HomeCar CultureEmory builds Porsche 356/911 outlaw with all-wheel drive

Emory builds Porsche 356/911 outlaw with all-wheel drive


Rod Emory and his crew at Emory Motorsports have made a huge name for themselves by turning Porsche 356 sports cars into “outlaws,” even shanghaiing the once-pejorative concept and making it their own.

The California shop has moved the needle again, this time with a first-of-its kind, all-wheel-drive 356 coupe built on the underpinnings of a later 911 C4S. The result of this “novel mix of 356 and 911 technology” is a classically cool Emory 356 Outlaw with 911 handling and performance, and made to drive through rough terrains and conditions.

The car was built for a private owner, who has dubbed it the AllRad 356.

The 356/911 C4 digs in with all fours | Emory Motorsports photos

“Our build philosophy has always been to bring the best of certain eras together in our cars,” Emory, co-founder of Emory Motorsports, said in a news release. “The Emory 356 C4S is really the first ‘RS’ that we’ve built, while being the world’s first AWD 356.

“Our goal was to create a special Porsche that never existed, but should have. The end result is that the 356 C4S really presents the highest performance level possible in a 356.”

The AllRad started with a request by the customer to build an AWD 356 for traveling in inclement weather to East Coast ski slopes.

Performance has been boosted to 200 horsepower

“The decision was made to artfully combine a 1964 Porsche 356C body with an all-wheel-drive 1990 911 (964) C4 chassis,” the release says. “The meticulous four-year build began by laser-scanning the 1964 body and the 1990 chassis. Points of intersection were analyzed in the CAD environment with decisions about how to marry the two made in the virtual and real-world spaces.”

In other words, the Emory builders were challenged to meld the 356 body with the 911 chassis despite serious dimensional differences – the 911 is quite a bit longer and wider than the 356.

The decision was made to shorten the 911 platform to match the 356 wheelbase and to “subtly widen” the 356’s steel body to match the 911’s rear track. Suspension is provided by adjustable KW coil-over shocks.

The body is painted in an authentic Porsche shade

While the chassis, transmission and driveline are 911, the performance-tweaked powerplant is pure 356, in the form of a proprietary Emory-Rothsport Outlaw-4 twin-plug engine. Designed over a decade in a collaboration between Rod Emory and Jeff Gamroth of Rothsport Racing, the 2.4-liter flat-4 is rated at 200 horsepower. That should provide plenty of kick for this package weighing just over 2,000 pounds.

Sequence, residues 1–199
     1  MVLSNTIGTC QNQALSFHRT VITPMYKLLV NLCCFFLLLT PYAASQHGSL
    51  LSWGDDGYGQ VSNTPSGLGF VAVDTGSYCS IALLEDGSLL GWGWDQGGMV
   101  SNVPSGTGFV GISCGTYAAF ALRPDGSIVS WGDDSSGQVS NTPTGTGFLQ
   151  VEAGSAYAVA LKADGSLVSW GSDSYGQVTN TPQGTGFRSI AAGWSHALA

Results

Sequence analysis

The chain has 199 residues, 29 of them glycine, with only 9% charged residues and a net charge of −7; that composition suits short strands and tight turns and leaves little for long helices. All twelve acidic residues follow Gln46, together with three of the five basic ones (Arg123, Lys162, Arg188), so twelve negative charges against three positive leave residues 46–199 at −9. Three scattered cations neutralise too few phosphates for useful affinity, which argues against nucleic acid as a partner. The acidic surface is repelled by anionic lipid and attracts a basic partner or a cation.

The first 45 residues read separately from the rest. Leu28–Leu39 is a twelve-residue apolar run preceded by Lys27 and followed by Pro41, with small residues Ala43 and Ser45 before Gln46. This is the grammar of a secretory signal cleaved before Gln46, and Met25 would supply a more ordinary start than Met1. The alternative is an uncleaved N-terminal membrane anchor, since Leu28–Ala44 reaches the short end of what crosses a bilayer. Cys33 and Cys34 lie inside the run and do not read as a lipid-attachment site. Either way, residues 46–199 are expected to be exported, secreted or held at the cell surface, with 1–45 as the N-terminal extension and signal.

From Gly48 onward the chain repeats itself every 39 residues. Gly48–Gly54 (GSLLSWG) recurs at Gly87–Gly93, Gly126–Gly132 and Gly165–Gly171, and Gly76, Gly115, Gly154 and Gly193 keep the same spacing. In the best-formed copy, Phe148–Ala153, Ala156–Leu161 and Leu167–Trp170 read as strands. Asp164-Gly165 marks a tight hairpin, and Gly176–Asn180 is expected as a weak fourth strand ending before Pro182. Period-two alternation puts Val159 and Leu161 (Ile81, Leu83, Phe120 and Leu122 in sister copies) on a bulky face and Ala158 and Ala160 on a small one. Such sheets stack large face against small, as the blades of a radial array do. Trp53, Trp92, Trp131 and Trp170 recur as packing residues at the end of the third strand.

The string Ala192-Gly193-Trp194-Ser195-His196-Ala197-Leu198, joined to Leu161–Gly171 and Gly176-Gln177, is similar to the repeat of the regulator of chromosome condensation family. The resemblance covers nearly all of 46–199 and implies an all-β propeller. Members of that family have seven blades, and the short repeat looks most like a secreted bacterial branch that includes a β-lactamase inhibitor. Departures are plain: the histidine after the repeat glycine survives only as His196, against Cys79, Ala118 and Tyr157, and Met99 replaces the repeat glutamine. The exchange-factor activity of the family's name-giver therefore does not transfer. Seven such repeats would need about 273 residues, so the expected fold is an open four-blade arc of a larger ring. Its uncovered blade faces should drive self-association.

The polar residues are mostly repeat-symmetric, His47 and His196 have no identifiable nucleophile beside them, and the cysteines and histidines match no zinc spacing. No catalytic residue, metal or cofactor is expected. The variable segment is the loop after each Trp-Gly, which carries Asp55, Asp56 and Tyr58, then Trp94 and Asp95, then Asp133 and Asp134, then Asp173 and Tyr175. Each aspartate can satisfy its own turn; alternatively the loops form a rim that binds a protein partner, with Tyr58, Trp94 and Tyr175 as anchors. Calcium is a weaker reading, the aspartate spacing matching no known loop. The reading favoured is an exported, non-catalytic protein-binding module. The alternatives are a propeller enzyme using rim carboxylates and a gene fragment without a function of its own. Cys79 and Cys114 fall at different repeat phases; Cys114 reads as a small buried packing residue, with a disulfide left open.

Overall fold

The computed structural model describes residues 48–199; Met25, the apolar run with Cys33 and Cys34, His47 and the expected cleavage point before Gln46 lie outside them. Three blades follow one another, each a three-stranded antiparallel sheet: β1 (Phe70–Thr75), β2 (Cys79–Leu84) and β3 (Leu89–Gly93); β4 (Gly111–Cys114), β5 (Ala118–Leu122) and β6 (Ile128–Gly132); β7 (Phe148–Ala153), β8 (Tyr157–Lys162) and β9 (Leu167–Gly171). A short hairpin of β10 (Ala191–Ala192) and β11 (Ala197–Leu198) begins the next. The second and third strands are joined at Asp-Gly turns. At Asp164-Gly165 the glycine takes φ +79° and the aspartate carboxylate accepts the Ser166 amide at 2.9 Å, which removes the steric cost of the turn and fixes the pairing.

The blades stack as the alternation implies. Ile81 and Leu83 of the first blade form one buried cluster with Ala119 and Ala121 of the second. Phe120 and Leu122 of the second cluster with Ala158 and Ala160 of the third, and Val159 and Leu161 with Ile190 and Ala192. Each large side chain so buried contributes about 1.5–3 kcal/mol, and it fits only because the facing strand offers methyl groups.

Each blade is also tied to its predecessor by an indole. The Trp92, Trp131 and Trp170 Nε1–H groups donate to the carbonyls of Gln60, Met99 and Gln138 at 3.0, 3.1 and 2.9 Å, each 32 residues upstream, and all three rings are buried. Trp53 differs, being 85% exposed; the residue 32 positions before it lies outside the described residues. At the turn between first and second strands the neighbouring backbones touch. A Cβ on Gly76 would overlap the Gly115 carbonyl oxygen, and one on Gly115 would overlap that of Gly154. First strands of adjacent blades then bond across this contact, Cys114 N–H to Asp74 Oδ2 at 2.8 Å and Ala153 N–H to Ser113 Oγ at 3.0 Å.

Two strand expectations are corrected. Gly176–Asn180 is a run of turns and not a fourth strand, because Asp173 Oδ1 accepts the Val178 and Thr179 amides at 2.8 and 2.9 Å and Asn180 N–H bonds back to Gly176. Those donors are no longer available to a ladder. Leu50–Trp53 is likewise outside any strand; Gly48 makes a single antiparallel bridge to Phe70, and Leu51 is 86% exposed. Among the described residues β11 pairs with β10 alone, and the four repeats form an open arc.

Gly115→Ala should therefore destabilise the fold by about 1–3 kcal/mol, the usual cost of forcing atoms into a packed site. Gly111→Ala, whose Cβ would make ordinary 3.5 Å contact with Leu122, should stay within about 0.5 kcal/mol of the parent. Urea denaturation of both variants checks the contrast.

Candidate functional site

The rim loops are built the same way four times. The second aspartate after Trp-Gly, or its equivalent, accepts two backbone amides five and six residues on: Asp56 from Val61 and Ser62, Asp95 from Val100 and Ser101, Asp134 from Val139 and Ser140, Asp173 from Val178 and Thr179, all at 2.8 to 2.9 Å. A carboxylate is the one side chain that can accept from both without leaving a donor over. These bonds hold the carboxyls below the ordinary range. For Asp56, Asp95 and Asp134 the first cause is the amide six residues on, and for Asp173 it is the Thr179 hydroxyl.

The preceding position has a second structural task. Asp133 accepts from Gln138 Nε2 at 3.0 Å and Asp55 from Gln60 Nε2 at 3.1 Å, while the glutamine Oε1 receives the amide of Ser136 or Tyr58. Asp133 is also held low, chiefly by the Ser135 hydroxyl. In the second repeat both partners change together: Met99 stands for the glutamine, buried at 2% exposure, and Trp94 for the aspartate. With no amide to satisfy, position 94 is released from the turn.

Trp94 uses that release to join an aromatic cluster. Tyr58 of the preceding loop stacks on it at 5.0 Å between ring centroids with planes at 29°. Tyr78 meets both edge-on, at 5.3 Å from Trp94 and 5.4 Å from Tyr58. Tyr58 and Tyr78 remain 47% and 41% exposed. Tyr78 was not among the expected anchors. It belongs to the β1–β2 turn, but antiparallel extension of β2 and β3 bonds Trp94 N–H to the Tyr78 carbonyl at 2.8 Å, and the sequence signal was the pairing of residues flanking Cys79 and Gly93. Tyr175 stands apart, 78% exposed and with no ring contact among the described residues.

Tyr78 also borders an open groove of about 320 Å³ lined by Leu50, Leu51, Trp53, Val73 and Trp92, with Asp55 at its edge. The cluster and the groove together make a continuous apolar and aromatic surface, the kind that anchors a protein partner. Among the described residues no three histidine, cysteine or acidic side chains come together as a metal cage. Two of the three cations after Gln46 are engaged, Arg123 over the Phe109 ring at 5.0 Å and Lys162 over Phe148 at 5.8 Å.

The 356 C4S has the evocative look of an Emory Outlaw, stripped to its basics and imbued with an agile stance, and with black steel wheels and wide tires setting off the glossy Graphite Blue Metallic paint, an OEM color.

The interior has been upgraded with competition seating – an RS seat on the driver’s side and a Speedster chair for the passenger – and other race-style equipment, including a stout roll bar. The cabin is nicely finished, however, in leather and German square-weave carpet.

A titanium roof rack was specially designed and installed

On the roof, a titanium rack has been specially designed to carry bikes, skis or other adventure gear.

As with all Emory’s radical outlaw creations, the 356 C4S was made to be driven, on or off road and through snow-packed mountain passes. With its striking appearing, light weight and strong power supplied to all four wheels, it must be a thrill to drive.

Bob Golfen
Bob Golfen
Bob Golfen is a longtime automotive writer and editor, focusing on new vehicles, collector cars, car culture and the automotive lifestyle. He is the former automotive writer and editor for The Arizona Republic and, the website for the SPEED motorsports channel. He has written free-lance articles for a number of publications, including Autoweek, The New York Times and Barrett-Jackson auction catalogs. A collector car enthusiast with a wide range of knowledge about the old cars that we all love and desire, Bob enjoys tinkering with archaic machinery. His current obsession is a 1962 Porsche 356 Super coupe.


  1. A rippin’ cool lil car. Had the same taillights and front signals on my ’70 dropped Cal-look Bug.
    Not AWD, but in the dry or rain I’d put that Bug against this; had a 2.2L modified bus motor, aftermarket heads/cam, dual 2bbl Webers, aftermarket trans, and lightweight flywheel/performance clutch; Porsche CV joints, Bilstein’s, real Fuchs wheels & Pirellis… and a gutted interior, with bedliner spray, two dune buggy seats, and 0 "comforts".
    Surprised some "import"- what, Bug’s not an import?- Japcrap/Korea tin, and more than one V6 Camaro/Mustang.
    Miss it. Like the 356/911 mashup, but mo’ bedda can be had for way less money. And really, is there anything cooler than an original, air-cooled Beetle that can run low 12’s? Ooh, and roll that ragtop back to listen to the pop/crackle backtalk from the Monza heaterless exhaust.


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